On January 4, 2022, BlackBerry shut down its smart phone servers for the final time, ending over two decades of service. Many would argue that the original BlackBerry device was responsible for kicking off the tidal wave of smart phone adoption. But not coincidentally, the BlackBerry service was ended almost 15 years to the day after Apple Inc. announced its first iPhone.
The rise and fall of BlackBerry—previously known as Research in Motion—is well-known to individuals who lived through the early-adoption stages of the smart phone revolution. This storied relic of corporate communication might also help illustrate an important characteristic of the quality factor that explains the source of its return premium.
Members of the smart beta investment community, both professional and academic, generally fall into one of two major camps that explain the existence of smart beta factor premiums: one can be described as risk-based, and the other, behavioral. The risk-based argument states that markets are efficient, so securities with higher exposures to factors can produce a higher return only if these securities represent some higher form of risk. In order for investors to justify holding these higher risk securities, capital markets must compensate them with the prospect of increased returns on average and over the long term.
The value and size factors tend to be more closely associated with the risk-based explanation. Companies that have operated inefficiently, that have become distressed and that now face riskier prospects tend to see their stock prices decline, pushing them into deeper value territory and greater size exposure as well. In other words, distressed companies tend to see both their valuations and their market capitalizations decline. Some of these companies will ultimately fail but some will successfully bounce back, and in doing so, reward their investors handsomely. The combination of the winners and losers ultimately produces an expected long-term excess return premium.
The behavioral argument states that the psychology of investors and the natural structures of markets produce factor premiums because investor behavior is consistently biased towards those securities which exhibit higher exposure to those factors. This behavioral bias pushes markets and boosts returns. The momentum and low volatility factors tend to be more associated with the behavioral explanation.
The quality factor is a bit of a conundrum as it can’t be easily sorted into either the risk-based or the behavioral camp. On one hand, it doesn’t seem to make intuitive sense for higher quality companies to be riskier, thereby requiring superior returns in the equity capital markets to attract investors. Companies with excellent quality characteristics—higher profitability being one of those characteristics1—would seem to be less risky for the investor, not more. And it’s tough to imagine what sort of behavioral bias would induce higher quality companies to generate increased returns.
In the early stages of the smart phone revolution, BlackBerry was not a high quality company. It was not until late 2006 that BlackBerry unit sales started to take off, jump-starting profits and moving BlackBerry from the lower end of the quality spectrum to the higher end. In turn, BlackBerry’s stock price increased five-fold over the next two years. From 2006 to 2008, the higher quality nature of BlackBerry was indeed accompanied by a higher return (Figure 1).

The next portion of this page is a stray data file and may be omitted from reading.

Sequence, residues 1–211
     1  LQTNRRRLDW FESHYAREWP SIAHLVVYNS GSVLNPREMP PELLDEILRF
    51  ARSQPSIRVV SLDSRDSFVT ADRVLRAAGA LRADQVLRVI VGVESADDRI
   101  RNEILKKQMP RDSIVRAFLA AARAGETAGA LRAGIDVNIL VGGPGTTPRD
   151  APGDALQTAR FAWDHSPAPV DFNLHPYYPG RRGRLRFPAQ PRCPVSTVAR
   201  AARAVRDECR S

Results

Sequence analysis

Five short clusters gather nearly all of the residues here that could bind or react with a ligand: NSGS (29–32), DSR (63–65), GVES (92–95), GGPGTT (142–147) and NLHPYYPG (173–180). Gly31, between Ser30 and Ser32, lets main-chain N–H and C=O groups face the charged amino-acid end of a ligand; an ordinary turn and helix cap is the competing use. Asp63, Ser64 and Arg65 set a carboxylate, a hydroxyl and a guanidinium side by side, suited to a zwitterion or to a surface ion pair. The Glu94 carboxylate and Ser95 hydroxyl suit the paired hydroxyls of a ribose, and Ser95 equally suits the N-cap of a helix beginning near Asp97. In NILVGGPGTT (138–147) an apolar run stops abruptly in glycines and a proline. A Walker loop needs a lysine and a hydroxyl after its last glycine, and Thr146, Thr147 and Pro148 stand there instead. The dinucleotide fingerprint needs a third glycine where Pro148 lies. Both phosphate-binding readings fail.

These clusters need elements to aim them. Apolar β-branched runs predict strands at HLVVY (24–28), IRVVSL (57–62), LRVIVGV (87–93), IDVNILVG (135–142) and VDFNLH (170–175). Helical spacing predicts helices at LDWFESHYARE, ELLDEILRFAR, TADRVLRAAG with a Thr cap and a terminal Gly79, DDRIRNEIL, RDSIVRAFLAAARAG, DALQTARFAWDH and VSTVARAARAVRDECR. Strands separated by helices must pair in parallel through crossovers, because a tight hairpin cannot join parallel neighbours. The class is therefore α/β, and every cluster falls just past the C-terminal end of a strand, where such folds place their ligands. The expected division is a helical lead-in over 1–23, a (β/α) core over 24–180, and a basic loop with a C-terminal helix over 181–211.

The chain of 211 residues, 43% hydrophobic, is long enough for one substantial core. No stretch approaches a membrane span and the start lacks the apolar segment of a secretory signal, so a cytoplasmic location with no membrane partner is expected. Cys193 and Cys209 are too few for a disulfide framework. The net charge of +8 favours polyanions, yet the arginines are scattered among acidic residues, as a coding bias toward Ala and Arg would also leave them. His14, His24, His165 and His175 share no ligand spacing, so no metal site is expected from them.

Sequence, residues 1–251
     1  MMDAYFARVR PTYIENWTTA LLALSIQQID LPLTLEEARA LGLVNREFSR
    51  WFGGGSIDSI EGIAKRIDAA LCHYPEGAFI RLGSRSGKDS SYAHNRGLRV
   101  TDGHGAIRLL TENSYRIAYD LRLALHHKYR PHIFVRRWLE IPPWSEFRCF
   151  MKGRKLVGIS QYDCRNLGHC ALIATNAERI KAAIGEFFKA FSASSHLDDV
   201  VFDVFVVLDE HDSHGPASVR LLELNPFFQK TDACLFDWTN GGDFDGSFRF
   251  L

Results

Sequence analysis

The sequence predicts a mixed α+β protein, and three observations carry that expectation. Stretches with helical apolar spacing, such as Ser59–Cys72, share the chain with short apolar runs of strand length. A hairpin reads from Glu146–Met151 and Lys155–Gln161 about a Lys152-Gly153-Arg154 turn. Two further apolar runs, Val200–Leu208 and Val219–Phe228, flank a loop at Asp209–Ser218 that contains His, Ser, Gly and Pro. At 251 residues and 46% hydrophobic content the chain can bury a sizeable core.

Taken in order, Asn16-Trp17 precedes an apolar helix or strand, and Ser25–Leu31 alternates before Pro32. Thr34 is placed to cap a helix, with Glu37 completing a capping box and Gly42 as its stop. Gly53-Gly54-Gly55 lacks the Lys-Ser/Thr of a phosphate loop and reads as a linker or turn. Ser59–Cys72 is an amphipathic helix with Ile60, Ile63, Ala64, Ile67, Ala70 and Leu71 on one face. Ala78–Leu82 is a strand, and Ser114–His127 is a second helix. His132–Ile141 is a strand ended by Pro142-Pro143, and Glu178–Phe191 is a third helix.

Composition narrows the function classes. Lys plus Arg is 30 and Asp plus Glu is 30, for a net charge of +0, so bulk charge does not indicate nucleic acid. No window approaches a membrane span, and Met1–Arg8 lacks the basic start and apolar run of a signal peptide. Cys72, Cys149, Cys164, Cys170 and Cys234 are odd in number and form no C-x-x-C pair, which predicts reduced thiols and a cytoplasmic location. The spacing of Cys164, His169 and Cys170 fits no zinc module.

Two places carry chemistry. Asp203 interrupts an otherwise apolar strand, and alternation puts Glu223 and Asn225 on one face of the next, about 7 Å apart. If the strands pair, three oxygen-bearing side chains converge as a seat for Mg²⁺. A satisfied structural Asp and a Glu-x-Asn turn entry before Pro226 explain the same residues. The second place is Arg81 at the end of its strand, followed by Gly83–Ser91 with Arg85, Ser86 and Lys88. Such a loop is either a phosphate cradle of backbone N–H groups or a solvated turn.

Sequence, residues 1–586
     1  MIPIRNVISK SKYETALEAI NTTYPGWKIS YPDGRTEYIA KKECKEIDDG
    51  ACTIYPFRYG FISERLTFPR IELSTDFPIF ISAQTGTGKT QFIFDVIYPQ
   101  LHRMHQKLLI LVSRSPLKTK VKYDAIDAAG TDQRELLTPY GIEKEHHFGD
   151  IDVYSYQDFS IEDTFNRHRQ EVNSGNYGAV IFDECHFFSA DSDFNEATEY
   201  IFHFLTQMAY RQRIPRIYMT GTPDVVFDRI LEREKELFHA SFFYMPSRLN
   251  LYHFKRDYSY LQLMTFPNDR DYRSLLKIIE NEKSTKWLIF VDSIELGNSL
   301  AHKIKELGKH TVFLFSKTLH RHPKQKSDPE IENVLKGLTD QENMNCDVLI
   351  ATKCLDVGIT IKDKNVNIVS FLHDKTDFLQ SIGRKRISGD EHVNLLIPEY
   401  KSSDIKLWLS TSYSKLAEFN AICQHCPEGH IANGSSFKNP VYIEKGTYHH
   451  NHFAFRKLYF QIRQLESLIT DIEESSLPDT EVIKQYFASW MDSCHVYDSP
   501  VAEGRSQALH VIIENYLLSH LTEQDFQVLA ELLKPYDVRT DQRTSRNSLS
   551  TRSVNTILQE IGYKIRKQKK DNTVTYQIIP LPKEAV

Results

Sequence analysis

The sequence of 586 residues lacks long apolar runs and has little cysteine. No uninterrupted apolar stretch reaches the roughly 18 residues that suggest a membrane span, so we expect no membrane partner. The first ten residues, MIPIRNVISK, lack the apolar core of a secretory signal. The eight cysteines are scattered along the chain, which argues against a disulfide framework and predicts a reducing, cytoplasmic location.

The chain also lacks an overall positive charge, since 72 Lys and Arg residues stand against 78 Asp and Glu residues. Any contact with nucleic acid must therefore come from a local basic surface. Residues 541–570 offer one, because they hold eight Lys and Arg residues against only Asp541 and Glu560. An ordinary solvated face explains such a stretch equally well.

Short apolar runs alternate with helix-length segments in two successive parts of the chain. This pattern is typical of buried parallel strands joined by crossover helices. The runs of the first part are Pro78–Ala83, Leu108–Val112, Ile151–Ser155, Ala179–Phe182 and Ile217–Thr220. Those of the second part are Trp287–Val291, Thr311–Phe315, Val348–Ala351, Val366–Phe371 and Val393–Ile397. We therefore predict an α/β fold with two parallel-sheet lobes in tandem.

But as BlackBerry sales continued to grow, driving profits and pushing BlackBerry even higher along the quality spectrum, BlackBerry’s stock returns did not keep pace. BlackBerry’s stock price peaked in mid-2008 and fell precipitously from there, despite unit sales and net income continuing to grow into 2011, and despite the company being in the top quality quintile all the way into 2013.
What happened to BlackBerry is quite simple—competition. Apple entered the smart phone market with the iPhone in 2007, and Google launched its Android operating system in 2008. These two smart phones devoured BlackBerry’s market share, sending unit sales into decline from 2011 onward and ultimately closing down the BlackBerry for good by 2022.
Perhaps this explains how the quality factor fits into the risk-based explanation for its premium. High profitability is a prominent element of quality, and those companies with high profitability do not go unnoticed by market participants. A highly profitable company essentially has a target on its back, enticing new entrants to capture some of those juicy profits for themselves. We tend to think of “riskier companies” as those that are currently distressed. Perhaps “riskier companies” also includes those which face the risk of significantly increased competition.
Companies that completely fail are usually value companies or small cap companies just before they go out of business. The premium is generated by those companies that somehow pull out of their death spiral, rewarding their investors who take that risk. Similarly, highly profitable companies are those whose soaring profits are inevitably going to be attacked by new competition. Those that survive the competitive onslaught earn a return premium, rewarding investors who remained invested in the face of that expanding competition.
Unfortunately for companies like BlackBerry, being a highly profitable, high quality company may involve some elevated and unexpected risks—as we have proposed here—in the form of new competition. Competition in profit-generating markets can be fierce, and highly profitable companies don’t always win their fight to stay that way.
1 In this context, quality refers to the SSGA definition of quality which is a combination of three characteristics: profitability (ROA), leverage (D/E) and earnings variability.
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